Although the number of new environmental aid measures remained stable for most Member States since 2001, total expenditure for environmental purposes doubled between 2001 and 2006 from €7 to €14 billion. In relative terms, environmental aid increased by 50% as a proportion of GDP.

This average hides significant disparities between Member States. The largest aid grantors in 2004 - 2006 were Sweden (0.77% of GDP), Denmark (0.35%) and Germany (0.32 %), followed by Austria, The Netherlands and Finland each of which granted aid above the EU average. Environmental aid expenditure in the UK stood at half the EU-27 average, while all other Member States granted aid amounting to less than one quarter of the EU-27 average in terms of GDP (see table).

Any analysis of state aid expenditure for environmental purposes has to take account of the fact that a large proportion of aid (an estimated 53%) consists of exemptions from environmental taxes, usually benefiting energy intensive industries including sometimes big polluters that had to be accepted to allow the introduction of certain measures, going beyond the minima imposed by EU Directives. Such aid is considered to bring indirect benefits to the environment.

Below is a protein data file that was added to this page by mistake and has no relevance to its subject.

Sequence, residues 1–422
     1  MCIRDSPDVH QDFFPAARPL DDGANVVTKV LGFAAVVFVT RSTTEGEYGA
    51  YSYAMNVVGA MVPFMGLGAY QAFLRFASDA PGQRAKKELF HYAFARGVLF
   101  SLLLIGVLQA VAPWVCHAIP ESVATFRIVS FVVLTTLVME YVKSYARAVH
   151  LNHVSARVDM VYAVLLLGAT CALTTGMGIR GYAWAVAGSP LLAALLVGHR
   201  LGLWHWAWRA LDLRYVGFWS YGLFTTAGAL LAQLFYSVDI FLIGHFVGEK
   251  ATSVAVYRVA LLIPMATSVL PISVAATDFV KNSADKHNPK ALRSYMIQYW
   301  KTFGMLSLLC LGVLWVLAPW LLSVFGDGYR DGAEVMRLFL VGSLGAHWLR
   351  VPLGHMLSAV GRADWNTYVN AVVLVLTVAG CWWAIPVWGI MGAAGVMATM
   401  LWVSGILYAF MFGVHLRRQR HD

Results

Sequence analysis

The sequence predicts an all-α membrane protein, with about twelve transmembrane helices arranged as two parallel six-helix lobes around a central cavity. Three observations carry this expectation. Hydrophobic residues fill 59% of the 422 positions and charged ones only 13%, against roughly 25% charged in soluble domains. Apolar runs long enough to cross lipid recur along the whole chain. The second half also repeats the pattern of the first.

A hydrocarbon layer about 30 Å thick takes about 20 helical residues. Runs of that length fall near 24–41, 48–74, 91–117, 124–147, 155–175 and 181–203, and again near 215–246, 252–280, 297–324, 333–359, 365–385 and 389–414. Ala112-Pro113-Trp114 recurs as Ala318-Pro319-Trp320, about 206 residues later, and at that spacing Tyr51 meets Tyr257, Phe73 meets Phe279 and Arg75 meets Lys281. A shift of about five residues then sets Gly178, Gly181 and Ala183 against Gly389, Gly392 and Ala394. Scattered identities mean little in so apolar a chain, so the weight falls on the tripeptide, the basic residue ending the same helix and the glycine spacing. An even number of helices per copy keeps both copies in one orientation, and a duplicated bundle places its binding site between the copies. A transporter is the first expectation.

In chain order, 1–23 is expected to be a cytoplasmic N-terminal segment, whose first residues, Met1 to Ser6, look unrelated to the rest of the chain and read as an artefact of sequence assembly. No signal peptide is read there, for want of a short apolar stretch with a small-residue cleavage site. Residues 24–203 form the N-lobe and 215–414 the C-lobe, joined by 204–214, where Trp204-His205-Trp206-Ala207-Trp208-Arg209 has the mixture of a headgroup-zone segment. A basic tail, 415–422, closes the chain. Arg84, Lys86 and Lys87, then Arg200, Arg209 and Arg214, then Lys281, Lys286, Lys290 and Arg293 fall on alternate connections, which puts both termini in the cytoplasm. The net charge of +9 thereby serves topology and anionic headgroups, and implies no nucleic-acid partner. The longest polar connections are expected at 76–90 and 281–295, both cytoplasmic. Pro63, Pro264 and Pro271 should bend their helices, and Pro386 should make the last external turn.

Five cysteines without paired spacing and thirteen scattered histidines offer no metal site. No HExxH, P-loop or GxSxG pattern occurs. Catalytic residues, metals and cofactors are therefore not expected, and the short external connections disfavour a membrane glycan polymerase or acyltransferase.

Recovery of illegal and incompatible aid

The Scoreboard also notes that there has been a marked improvement in the recovery of unlawful and incompatible aid. At the end of 2007, there were 49 pending recovery decisions compared to 93 at the end of 2004 and 60 at the end of 2006. The total amount of aid to be recovered on the basis of decisions adopted between 2000 and 2007 is at least € 9 billion, out of which some €7 billion had been effectively recovered at the end of 2007 together with a further €2.4 billion of interest.